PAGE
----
Debating the US Role in Yemen’s Conflict

Sarah Al-Silwi (Photo by Mallory Moench for Voices of NY)

Sarah Al-Silwi never felt ashamed of being American until she set foot for the first time in her parents’ war-ravaged home country – Yemen. In August 2016, she remembers, her cousin pointed at each demolished house on the road from the capital city to her grandmother’s village.

“This is the one that the rebel Houthis bombed, this is the one that the Saudis bombed,” Al-Silwi recalled her cousin saying. “And also, your country, America, is killing us. The bombs that are being brought to Yemen are American bombs.”

Al-Silwi, a 17-year-old born and raised in the Bronx, refused to believe him until she learned the facts.

The United States transferred $115 billion in arms to Saudi Arabia from 2009 to 2016, according to the Center for International Policy. On May 20, President Donald Trump sealed another $110 billion deal on his visit to Saudi Arabia, the first foreign trip of his presidency.

The sale further embroils the U.S. in Yemen’s complex conflict. In early 2015, the rebel Houthis and ousted dictator Ali Abdullah Saleh overthrew the elected president Abdrabbuh Mansur Hadi. Civil strife evolved into a proxy war as Iran backed the Houthis and a Saudi Arabian-led coalition sided with Yemen’s government.

Yemenis protest Saudi airstrikes in front of U.N. headquarters on the second anniversary of Yemen’s war. (Photo by Mallory Moench for Voices of NY)

Two years later, 10,000 Yemenis are dead, two million live as refugees, and seven million are starving, according to the United Nations.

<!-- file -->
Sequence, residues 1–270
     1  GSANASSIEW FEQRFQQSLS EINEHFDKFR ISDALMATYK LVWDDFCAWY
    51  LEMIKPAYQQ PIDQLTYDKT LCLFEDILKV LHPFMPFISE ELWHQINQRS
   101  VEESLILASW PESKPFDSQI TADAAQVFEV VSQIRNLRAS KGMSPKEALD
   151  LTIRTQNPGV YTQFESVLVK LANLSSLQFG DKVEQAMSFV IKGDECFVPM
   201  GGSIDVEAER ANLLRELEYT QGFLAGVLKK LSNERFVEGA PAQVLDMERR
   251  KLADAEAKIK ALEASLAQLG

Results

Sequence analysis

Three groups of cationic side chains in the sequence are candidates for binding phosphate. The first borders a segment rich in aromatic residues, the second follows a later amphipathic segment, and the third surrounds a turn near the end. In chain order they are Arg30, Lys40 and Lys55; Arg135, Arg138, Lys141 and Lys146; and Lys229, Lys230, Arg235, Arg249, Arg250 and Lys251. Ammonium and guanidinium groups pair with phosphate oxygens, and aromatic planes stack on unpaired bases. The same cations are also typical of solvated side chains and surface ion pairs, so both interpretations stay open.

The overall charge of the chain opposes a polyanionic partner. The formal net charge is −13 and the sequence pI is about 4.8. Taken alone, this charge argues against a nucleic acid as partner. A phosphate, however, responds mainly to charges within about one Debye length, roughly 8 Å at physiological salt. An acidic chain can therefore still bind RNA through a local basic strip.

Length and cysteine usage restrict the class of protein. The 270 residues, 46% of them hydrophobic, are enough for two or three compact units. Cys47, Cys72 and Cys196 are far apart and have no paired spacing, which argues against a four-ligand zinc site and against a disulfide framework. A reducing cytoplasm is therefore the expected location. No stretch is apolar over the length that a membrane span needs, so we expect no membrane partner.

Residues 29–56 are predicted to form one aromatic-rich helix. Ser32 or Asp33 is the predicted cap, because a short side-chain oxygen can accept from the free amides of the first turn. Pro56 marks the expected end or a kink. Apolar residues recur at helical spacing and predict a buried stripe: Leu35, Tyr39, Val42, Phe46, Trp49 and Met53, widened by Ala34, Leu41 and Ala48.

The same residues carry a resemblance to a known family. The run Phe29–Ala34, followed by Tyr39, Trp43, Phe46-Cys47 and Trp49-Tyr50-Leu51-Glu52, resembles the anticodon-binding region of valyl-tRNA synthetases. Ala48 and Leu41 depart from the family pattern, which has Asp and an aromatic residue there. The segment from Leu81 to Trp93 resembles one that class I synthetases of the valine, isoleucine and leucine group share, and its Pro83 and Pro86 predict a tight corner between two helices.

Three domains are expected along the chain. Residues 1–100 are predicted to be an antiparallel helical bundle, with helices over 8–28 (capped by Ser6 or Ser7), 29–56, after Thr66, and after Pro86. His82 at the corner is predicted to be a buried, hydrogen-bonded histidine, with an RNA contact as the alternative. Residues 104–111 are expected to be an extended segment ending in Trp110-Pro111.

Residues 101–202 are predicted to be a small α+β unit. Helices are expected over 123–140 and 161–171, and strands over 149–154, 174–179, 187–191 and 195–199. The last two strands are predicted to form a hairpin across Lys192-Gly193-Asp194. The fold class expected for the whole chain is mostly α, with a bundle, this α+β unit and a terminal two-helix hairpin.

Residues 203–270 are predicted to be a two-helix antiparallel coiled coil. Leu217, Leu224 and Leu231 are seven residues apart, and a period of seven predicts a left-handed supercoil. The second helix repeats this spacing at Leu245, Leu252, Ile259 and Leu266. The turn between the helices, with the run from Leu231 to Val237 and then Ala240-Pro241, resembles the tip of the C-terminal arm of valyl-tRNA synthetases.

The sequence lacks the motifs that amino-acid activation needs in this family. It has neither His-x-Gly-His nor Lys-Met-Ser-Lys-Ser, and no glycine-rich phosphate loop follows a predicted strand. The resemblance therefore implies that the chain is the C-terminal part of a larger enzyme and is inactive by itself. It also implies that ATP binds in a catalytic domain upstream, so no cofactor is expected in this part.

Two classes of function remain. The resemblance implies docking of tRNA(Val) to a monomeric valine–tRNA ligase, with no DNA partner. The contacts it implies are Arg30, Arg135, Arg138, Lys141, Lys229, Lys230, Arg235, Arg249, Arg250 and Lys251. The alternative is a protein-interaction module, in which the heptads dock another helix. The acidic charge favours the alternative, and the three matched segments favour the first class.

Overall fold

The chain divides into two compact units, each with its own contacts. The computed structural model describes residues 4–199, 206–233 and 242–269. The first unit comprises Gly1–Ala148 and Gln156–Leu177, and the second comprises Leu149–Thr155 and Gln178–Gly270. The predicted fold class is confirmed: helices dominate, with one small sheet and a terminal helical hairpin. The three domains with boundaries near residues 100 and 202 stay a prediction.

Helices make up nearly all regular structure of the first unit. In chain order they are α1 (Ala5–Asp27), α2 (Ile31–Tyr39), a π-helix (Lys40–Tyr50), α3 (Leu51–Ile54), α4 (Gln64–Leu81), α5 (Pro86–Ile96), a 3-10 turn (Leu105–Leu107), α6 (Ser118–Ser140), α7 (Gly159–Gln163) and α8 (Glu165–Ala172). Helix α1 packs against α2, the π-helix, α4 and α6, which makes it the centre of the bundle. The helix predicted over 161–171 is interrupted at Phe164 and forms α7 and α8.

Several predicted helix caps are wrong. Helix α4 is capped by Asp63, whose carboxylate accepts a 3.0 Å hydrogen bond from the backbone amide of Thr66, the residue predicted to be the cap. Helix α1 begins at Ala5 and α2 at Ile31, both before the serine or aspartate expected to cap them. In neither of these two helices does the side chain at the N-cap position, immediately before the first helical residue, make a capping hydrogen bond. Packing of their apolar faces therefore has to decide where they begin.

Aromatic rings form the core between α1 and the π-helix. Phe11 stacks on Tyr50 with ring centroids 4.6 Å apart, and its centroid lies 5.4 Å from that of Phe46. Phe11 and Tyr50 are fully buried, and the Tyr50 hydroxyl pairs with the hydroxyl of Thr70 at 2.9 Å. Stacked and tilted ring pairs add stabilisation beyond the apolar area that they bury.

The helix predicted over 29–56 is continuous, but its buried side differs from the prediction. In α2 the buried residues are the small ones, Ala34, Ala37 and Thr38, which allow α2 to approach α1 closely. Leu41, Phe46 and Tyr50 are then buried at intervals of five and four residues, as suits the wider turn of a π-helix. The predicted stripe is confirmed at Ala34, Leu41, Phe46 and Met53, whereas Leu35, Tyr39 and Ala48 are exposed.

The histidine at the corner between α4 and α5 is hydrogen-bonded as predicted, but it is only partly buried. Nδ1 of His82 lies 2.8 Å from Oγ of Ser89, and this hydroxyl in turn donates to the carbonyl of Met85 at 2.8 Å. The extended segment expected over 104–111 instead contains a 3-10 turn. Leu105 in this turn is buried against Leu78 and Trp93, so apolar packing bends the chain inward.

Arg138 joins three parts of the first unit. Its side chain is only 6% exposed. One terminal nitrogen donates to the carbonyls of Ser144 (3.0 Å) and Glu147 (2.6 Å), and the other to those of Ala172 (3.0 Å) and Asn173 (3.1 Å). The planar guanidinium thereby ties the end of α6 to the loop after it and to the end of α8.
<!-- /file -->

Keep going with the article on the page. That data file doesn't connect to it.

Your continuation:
“They’re killing my cousins and my family members and my friends in Yemen,” Al-Silwi said. “I felt like I’d betrayed my own people. Now I realize that America isn’t as innocent as I thought when it comes to my country, when it comes to Yemen.”

More than 40,000 Yemeni-born Americans live in the U.S. according to the 2014 American Community Survey, although Yemenis say the number is much higher. Now, this tight-knit community is conflicted over whether U.S. involvement in the war helps or hurts their home country. While some condemn the U.S.-Saudi coalition as violating human rights, others see it as necessary to stop widely condemned Houthi violence. The situation worsened after President Trump authorized a counter-terrorism raid that killed dozens in Yemen and twice tried to ban Yemenis from entering the United States.

But for many Yemeni-Americans, protesting on both sides of the conflict stirs fear. People who speak out against the Houthi rebels dread that their families back in Yemen will pay for it. Others who criticize U.S. foreign policy worry they’ll become a target of surveillance like after 9/11.

“There have been a lot of programs that disproportionately affected the Yemeni-American community,” said Widad Indie, a New York City community activist, “and basically in some sense silenced them from being political or instilled a sense of fear of being too visible. It’s only recently that we see people who are more confident in speaking out.”

Al-Silwi said some Yemeni-Americans worry that if they speak up, they’ll be accused of terrorism.